By Lisa Alber
I’ve spend much of my life feeling alienated, like a perpetual outsider, like there’s something fundamentally out of sync with me. And for as long as I can remember, this feeling has chafed at me like psychic sandpaper.
After awhile, feeling like this, anyone could start to believe there’s something fundamentally wrong with them. When really, the only thing that’s “wrong” with many of us is that we’re introverts in a society that worships what author Susan Cain calls “The Extrovert Ideal.”
As a Psychology Today article entitled “Revenge of the Introvert” states, “Introverts today face one overarching challenge—not to feel like misfits in their own culture.”
It’s not like my being an introvert is news to me, but I’m just starting to understand the impact of our cultural norms on my general health and wellbeing, and my self-perception.
I’ve been thinking a lot about this lately as related to being an author. I’m preparing to go to a conference called Left Coast Crime next week. I’m a social creature, and I do pretty well in social situations. But, I get overstimulated fast. I need lots of down time. After awhile, if I’m not careful, the first thing out of my mouth in every new interaction is, “I’m sooo tired.” I lose my paltry grip on small talk. It becomes painful to even try.
Most of us introverts have learned to take on extroverted qualities the better to get by. We can’t not, in point of fact. But what does that mean for us?
If you’re anything like me, it means that you get more drained, are in need of more down time, get depressed, and so on. It’s a vicious cycle. It’s almost like we aren’t allowed to accept ourselves as we are. The insidious nature of, well, everything around us constantly signals us that we need to change. We need to be more social, more into group activities, and participate. This is called self-improvement.
All this, when there’s nothing. wrong. with. us. except that we don’t adequately mirror the larger cultural norms.
Last week I started reading Susan Cain’s book, Quiet, The Power of Introverts in a World That Can’t Stop Talking. It’s fascinating and puts so much into perspective. I’m currently in the middle of a chapter called “When Collaboration Kills Creativity.” It reminded me of a classic introvert-in-a-extroverted-world incident from years ago.
Corporate job. Team-building exercise. Are you groaning? It’s every introvert’s nightmare. The point of this particular exercise was to prove that groupthink yields better results than individuals thinking on their own.
On our own, we each rated a list of items from most to least important for wilderness survival. Then, we worked together as a group on the same task. Then, we scored our individual results and the group’s results.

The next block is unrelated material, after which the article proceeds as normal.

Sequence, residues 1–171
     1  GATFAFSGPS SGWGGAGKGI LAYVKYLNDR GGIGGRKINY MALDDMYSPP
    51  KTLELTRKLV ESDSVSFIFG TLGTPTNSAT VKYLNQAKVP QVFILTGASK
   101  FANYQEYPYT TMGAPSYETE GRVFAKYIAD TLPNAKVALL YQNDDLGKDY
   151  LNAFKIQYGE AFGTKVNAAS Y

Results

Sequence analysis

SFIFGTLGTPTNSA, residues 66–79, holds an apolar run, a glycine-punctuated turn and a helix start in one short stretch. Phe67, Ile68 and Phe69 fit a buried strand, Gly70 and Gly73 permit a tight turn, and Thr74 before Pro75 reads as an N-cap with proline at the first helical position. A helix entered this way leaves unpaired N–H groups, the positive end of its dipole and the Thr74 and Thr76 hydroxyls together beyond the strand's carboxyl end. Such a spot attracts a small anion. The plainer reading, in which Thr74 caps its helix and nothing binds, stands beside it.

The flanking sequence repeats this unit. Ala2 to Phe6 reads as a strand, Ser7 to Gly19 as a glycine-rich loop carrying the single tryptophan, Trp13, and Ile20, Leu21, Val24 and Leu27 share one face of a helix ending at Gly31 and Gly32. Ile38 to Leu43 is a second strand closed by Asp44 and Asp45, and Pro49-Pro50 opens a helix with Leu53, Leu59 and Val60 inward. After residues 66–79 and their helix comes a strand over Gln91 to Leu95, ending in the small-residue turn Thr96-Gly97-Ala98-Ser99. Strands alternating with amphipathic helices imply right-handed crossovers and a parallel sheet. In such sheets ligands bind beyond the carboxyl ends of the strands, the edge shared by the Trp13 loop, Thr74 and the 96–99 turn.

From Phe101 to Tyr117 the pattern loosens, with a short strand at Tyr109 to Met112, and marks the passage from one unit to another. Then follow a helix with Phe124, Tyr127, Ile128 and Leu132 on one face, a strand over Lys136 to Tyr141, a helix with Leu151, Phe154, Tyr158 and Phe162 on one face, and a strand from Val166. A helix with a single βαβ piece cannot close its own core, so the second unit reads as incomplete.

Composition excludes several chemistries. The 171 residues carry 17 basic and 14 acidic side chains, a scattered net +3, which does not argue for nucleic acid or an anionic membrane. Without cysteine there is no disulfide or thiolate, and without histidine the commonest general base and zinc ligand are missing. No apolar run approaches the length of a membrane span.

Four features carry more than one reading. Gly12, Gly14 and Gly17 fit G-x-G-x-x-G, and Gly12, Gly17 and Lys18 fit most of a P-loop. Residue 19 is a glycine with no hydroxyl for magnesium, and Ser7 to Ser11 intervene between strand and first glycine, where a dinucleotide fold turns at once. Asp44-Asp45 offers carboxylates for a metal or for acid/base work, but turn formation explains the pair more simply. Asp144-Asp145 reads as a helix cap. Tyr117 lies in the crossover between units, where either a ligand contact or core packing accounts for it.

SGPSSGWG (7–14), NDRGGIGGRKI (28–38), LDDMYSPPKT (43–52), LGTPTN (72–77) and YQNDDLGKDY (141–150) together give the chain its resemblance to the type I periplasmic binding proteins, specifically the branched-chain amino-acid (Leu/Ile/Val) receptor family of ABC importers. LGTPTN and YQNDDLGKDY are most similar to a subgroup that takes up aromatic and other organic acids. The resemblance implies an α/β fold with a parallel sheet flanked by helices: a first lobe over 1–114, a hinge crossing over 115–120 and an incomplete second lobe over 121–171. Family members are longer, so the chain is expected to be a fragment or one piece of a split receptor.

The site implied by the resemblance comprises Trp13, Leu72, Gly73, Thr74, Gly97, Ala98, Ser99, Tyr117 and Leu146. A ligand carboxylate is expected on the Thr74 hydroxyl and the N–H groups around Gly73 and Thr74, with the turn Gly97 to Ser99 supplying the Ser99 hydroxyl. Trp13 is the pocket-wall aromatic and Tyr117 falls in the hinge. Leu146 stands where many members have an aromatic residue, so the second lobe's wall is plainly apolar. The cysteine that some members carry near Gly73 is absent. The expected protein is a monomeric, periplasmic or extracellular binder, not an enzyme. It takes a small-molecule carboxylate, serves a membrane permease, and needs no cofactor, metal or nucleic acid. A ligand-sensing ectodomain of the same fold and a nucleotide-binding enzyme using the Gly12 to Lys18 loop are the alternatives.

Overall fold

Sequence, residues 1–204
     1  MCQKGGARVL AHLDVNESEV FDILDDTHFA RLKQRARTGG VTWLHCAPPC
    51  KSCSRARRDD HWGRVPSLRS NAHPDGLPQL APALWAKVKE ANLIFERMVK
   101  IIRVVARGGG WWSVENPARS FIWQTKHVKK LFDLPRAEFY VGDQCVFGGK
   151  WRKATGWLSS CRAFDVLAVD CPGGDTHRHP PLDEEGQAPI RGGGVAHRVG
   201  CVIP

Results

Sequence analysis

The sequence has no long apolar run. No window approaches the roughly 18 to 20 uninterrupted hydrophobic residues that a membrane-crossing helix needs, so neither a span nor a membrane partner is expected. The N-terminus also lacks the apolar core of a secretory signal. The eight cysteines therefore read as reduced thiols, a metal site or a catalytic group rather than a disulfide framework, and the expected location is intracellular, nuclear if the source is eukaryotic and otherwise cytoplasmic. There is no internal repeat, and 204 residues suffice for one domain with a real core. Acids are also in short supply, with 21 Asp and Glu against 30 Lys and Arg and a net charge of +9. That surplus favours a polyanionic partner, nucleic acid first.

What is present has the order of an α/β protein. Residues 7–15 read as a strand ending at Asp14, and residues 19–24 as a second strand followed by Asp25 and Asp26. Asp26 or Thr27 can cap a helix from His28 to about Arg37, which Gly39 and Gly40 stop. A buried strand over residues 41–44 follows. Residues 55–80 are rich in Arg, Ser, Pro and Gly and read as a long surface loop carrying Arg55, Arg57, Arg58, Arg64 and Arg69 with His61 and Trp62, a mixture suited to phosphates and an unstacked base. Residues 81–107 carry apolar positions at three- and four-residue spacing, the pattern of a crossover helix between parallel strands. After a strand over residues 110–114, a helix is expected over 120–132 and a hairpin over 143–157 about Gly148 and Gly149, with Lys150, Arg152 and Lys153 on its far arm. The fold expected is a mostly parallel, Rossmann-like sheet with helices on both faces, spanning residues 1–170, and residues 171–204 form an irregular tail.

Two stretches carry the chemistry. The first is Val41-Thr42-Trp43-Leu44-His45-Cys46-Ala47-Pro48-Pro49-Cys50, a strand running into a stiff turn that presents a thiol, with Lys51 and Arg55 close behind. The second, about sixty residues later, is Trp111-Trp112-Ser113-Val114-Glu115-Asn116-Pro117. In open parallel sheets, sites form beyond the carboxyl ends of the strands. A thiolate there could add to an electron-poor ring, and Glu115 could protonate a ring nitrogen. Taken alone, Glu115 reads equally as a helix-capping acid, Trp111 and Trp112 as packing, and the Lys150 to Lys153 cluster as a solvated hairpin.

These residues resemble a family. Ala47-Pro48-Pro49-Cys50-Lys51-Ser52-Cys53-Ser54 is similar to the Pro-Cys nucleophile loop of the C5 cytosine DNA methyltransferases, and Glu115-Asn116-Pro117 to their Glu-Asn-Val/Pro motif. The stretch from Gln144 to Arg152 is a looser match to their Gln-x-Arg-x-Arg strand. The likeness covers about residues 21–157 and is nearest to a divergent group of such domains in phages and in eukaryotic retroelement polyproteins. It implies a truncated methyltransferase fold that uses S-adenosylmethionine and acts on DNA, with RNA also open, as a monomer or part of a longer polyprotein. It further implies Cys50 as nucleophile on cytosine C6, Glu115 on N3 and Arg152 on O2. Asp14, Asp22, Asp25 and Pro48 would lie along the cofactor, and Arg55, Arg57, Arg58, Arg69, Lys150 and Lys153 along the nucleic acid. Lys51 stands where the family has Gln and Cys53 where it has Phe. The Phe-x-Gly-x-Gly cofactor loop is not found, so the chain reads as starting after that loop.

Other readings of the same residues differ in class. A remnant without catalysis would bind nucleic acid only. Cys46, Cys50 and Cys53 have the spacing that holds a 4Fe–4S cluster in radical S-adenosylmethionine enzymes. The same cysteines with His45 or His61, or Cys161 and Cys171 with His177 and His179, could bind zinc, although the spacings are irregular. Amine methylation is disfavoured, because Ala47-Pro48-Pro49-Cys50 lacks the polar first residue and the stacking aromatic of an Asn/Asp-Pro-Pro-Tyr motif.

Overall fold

The group’s score was supposed to prove the point by being higher than our individual scores. And that was true for everyone in the group–but me. I did better thinking it through on my own without the loud-mouthed extroverts in the group clogging up my thoughts.
Most of all I remember my boss’s disapproving reaction: as if by doing better than the group, I’d actually failed. I was made to feel bad about my better score. No wonder so many of us are prone to anxiety.
Imagine my satisfaction reading this in Cain’s book (page 74):
One of the more interesting findings … was that the more creative people tended to be socially poised introverts. They were interpersonally skilled but “not of an especially sociable or participative temperament.” They described themselves as independent and individualistic.
That’s me in a nutshell, my friends.
She goes on to make the connection between creativity and introversion by pointing out that solitude is often a catalyst of innovation and since introverts are by nature more solitary …
Given all that, it probably makes sense that I’m a writer. The problem is that the writing game I call “author-dom” is way too bloody social. It’s beyond frustrating. More and more it feels like I’ll only get ahead if I get involved. Become a Mystery Writer’s of America officer. Do more talks. Teach workshops. You know, be more of a public-speaker type of person.
It’s like freaking high school all over again–participating in extracurricular activities I’m not interested in so I can get into a good university.
In her Atlantic Monthly article, “An Introverted Writer’s Lament,” author Meghan Tifft asks, “Since when did the community become our moral compass—our viability as writers determined so much by our team spirit?”
Amen to that, sistah. The pressure to be an extrovert is as alive and well in the author biz as in the world at large. It’s disheartening.
So, next week I’ll go to the conference, and I’ll have a wonderful time. I will. The thing is, I love my writing community and all my writing pals; what I don’t love is the feeling of having to be a part of one, like a constant blistery pressure.
I’ll have a grand time — I can party with the best of them — but I’ll also be popping extra beta blockers and worrying that I’m not talking enough and yearning for afternoon naps and room service dinners.
Are you an introvert? What do you do to recharge your batteries in our increasingly hectic world? What about you, extroverts–what’s your take on all of this?